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Article Publish Status: FREE
Abstract Title:

Induction of G2/M Cell Cycle Arrest and Apoptosis by Genistein in Human Bladder Cancer T24 Cells through Inhibition of the ROS-Dependent PI3k/Akt Signal Transduction Pathway.

Abstract Source:

Antioxidants (Basel). 2019 Aug 21 ;8(9). Epub 2019 Aug 21. PMID: 31438633

Abstract Author(s):

Cheol Park, Hee-Jae Cha, Hyesook Lee, Hyun Hwang-Bo, Seon Yeong Ji, Min Yeong Kim, Su Hyun Hong, Jin-Woo Jeong, Min Ho Han, Sung Hyun Choi, Cheng-Yun Jin, Gi-Young Kim, Yung Hyun Choi

Article Affiliation:

Cheol Park

Abstract:

We examined the anti-cancer effect of genistein, a soy-derived isoflavone, in human bladder transitional cell carcinoma T24 cells. According to our data, genistein induced G2/M phase arrest of the cell cycle and apoptosis. Genistein down-regulated the levels of cyclin A and cyclin B1, but up-regulated the levels of p21WAF1/CIP1, cyclin-dependent kinase (Cdk) inhibitor, that was complexed with Cdc2 and Cdk2. Furthermore, genistein induced the activation of caspases (caspase-3, -8 and -9), and cleavage of poly (ADP-ribose) polymerase cleavage. However, genistein-induced apoptosis was significantly inhibited by a pan-caspase inhibitor, indicating that the induction of apoptosis by genestein was caspase-dependent. In addition, genistein increased the cytosolic release of cytochromeby increasing the Bax/Bcl-2 ratio and destroying mitochondria integrity. Moreover, genistein inactivated the phosphoinositide 3-kinase (PI3K)/Akt signaling pathway, while LY294002, a PI3K/Akt inhibitor, increased the apoptosis-inducing effect of genistein. Genistein further increased the accumulation of reactive oxygen species (ROS), which was significantly suppressed by N-acetyl cysteine (NAC), a ROS scavenger, and in particular, NAC prevented genistein-mediated inactivation of PI3K/Akt signaling, G2/M arrest and apoptosis. Therefore, the present results indicated that genistein promoted apoptosis induction in human bladder cancer T24 cells, which was associated with G2/M phase cell cycle arrest via regulation of ROS-dependent PI3K/Akt signaling pathway.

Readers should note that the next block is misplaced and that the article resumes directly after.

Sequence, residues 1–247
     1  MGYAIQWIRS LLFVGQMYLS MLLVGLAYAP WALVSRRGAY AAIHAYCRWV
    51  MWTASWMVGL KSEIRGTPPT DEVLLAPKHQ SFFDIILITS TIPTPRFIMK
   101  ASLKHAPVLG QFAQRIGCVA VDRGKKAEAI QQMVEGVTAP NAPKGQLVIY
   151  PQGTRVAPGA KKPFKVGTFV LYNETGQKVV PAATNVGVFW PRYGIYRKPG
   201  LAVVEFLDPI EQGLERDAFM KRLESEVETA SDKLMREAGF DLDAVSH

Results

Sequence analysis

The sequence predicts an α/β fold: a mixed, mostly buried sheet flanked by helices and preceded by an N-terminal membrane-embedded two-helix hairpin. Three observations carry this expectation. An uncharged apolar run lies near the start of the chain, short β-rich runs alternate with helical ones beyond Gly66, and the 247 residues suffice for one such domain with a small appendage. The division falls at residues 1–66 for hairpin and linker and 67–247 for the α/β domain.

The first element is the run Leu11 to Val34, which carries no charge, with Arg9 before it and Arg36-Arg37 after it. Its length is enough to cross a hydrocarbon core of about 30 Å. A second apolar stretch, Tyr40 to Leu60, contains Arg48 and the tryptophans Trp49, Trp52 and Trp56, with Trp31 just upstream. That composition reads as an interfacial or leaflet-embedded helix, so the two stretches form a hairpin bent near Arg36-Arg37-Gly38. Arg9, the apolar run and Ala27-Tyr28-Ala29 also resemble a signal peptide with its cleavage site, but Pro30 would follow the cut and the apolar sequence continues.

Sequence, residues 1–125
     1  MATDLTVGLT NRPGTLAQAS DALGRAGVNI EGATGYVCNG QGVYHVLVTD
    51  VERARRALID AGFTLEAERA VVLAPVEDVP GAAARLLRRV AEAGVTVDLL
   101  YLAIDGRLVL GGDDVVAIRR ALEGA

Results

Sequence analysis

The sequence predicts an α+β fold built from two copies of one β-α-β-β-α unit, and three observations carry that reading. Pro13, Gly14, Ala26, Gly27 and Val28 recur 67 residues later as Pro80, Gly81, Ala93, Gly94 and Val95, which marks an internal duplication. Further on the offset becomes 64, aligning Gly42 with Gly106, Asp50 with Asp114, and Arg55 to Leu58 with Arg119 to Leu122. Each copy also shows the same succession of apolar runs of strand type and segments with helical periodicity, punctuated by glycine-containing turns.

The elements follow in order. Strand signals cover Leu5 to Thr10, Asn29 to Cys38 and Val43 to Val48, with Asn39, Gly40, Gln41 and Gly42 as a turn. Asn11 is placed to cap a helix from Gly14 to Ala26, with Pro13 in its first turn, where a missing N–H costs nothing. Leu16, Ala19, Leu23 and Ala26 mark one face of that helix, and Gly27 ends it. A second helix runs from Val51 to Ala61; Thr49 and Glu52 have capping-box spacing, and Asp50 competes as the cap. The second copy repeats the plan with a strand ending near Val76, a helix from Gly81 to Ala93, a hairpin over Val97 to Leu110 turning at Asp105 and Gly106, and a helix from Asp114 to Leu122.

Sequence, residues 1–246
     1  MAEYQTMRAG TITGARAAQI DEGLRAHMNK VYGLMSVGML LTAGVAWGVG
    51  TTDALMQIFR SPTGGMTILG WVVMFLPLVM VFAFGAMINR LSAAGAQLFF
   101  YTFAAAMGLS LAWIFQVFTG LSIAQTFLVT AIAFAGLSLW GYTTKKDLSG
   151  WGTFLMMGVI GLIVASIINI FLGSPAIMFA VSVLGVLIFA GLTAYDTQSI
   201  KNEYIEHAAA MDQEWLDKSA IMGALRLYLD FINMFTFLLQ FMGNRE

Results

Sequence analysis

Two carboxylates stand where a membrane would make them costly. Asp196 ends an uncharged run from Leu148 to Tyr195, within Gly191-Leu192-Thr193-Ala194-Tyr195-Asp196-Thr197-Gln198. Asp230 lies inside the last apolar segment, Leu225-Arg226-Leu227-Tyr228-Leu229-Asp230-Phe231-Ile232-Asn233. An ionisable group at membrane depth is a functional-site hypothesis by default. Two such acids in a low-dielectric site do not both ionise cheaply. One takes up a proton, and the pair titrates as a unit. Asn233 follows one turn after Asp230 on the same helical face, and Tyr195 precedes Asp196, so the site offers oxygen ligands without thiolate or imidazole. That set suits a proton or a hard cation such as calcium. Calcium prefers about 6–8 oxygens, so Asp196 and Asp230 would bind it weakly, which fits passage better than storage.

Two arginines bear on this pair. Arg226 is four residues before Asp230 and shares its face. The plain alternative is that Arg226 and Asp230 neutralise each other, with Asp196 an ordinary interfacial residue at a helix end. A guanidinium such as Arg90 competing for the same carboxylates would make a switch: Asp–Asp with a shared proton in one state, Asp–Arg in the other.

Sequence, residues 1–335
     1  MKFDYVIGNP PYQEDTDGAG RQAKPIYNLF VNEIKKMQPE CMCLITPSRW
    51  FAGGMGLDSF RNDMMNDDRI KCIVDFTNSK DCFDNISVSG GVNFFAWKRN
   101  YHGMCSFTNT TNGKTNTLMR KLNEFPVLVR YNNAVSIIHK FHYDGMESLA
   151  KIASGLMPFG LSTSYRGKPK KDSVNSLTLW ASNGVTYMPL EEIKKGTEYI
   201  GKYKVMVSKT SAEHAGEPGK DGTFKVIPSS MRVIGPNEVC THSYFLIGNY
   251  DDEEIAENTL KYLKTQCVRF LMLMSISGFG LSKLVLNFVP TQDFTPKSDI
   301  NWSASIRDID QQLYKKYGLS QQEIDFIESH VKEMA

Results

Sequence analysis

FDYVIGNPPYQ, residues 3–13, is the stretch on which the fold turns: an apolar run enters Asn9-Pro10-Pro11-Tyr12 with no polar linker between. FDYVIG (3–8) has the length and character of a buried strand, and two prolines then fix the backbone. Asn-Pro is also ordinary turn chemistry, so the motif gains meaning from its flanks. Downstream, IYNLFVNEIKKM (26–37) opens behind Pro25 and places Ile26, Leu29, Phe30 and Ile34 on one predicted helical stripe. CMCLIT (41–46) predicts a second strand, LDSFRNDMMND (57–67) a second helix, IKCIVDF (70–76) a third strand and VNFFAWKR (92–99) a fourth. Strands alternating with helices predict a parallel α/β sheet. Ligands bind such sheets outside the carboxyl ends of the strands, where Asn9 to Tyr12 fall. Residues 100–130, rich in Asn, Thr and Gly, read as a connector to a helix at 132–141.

Study Type : In Vitro Study

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